Introduction

The tune package helps optimize the modeling process. Users can tag arguments in recipes and model objects for optimization. The search routines in tune can discover these arguments and evaluate candidate values until a combination with good performance is found.

As an example, let’s model the Ames housing data:

library(tidymodels)

data(ames)

set.seed(4595)
data_split <- ames %>%
  mutate(Sale_Price = log10(Sale_Price)) %>%
  initial_split(strata = Sale_Price)
ames_train <- training(data_split)
ames_test  <- testing(data_split)

For simplicity, the sale price of a house will be modeled as a function of its geo-location. These predictors appear to have nonlinear relationships with the outcome:

ames_train %>% 
  dplyr::select(Sale_Price, Longitude, Latitude) %>% 
  tidyr::pivot_longer(cols = c(Longitude, Latitude), 
                      names_to = "predictor", values_to = "value") %>% 
  ggplot(aes(x = value, Sale_Price)) + 
  geom_point(alpha = .2) + 
  geom_smooth(se = FALSE) + 
  facet_wrap(~ predictor, scales = "free_x")
#> `geom_smooth()` using method = 'gam' and formula 'y ~ s(x, bs = "cs")'

These two predictors could be modeled using natural splines in conjunction with a linear model. The amount of “wiggliness” in these splines is determined by the degrees of freedom. An appropriate value of this parameter cannot be analytically determined from the data, so it is a tuning parameter (a.k.a. a hyper-parameter). A common approach is to use resampling to estimate model performance over different values of these parameters and use these results to set reasonable values.

We can tag these parameters for optimization using the tune() function:

ames_rec <- 
  recipe(Sale_Price ~ Gr_Liv_Area + Longitude + Latitude, data = ames_train) %>% 
  step_log(Gr_Liv_Area, base = 10) %>% 
  step_ns(Longitude, Latitude, deg_free = tune())

The package can detect these values and optimize them.

However, based on the plot above, the potential amount of non-linearity between the sale price and the predictors might be different. For example, longitude might require more flexibility than latitude. The recipe above would constrain the nonlinearity of the predictors to be the same. We can probably do better than that.

To accomplish this, individual step_ns() terms can be added to the recipe for each predictor. However, we want these to be identifiable; using the same syntax as above, we can’t tell the difference between the two deg_free parameters.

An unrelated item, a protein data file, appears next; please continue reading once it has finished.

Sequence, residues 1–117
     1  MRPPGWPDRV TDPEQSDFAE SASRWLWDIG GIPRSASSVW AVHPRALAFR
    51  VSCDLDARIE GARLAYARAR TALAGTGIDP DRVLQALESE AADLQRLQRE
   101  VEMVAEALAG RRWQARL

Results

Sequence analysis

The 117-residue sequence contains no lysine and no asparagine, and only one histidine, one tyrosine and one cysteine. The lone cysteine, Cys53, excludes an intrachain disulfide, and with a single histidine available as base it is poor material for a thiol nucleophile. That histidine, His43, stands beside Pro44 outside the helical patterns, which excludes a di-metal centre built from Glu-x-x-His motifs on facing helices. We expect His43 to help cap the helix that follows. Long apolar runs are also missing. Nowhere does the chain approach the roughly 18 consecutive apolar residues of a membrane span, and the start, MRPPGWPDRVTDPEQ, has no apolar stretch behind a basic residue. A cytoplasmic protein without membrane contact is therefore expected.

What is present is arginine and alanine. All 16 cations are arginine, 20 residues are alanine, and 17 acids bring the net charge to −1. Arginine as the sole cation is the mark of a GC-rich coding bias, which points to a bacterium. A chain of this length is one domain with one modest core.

tune() has an option to provide a text annotation so that each tuning parameter has a unique identifier:

ames_rec <- 
  recipe(Sale_Price ~ Gr_Liv_Area + Longitude + Latitude, data = ames_train) %>% 
  step_log(Gr_Liv_Area, base = 10) %>% 
  step_ns(Longitude, deg_free = tune("long df")) %>% 
  step_ns(Latitude,  deg_free = tune("lat df"))

The function dials::parameters() that can detect and collect the parameters that have been flagged for tuning:

parameters(ames_rec)
#> Collection of 2 parameters for tuning
#> 
#>  identifier     type    object
#>     long df deg_free nparam[+]
#>      lat df deg_free nparam[+]

The dials package has default ranges for many parameters. The generic parameter function for deg_free has a fairly small range:

deg_free()
#> Degrees of Freedom (quantitative)
#> Range: [1, 5]

but there is a dials function that is more appropriate for splines:

spline_degree()
#> Piecewise Polynomial Degree (quantitative)
#> Range: [1, 10]

The parameter objects can be easily changed using the update() function:

ames_param <- 
  ames_rec %>% 
  parameters() %>% 
  update(
    `long df` = spline_degree(), 
    `lat df` = spline_degree()
  )
ames_param
#> Collection of 2 parameters for tuning
#> 
#>  identifier     type    object
#>     long df deg_free nparam[+]
#>      lat df deg_free nparam[+]

Model Optimization

Instead of a linear regression, a nonlinear model might provide good performance. A K-nearest-neighbor fit will also be optimized. For this example, the number of neighbors and the distance weighting function will be optimized:

# requires the kknn package
knn_mod <- 
  nearest_neighbor(neighbors = tune(), weight_func = tune()) %>% 
  set_engine("kknn") %>% 
  set_mode("regression")